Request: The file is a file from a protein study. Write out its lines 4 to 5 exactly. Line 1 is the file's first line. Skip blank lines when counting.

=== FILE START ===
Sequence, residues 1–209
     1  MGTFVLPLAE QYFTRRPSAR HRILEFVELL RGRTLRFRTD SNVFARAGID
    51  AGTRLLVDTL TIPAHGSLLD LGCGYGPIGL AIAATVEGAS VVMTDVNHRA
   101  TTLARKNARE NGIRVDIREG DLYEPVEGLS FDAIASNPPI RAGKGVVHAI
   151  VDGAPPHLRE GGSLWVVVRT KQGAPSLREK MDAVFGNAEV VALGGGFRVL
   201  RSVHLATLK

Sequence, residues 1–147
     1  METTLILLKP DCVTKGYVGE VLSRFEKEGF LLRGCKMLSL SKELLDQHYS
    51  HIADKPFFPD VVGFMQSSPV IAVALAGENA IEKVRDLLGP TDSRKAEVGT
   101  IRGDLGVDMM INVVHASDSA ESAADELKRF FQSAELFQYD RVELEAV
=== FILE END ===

   101  TTLARKNARE NGIRVDIREG DLYEPVEGLS FDAIASNPPI RAGKGVVHAI
   151  VDGAPPHLRE GGSLWVVVRT KQGAPSLREK MDAVFGNAEV VALGGGFRVL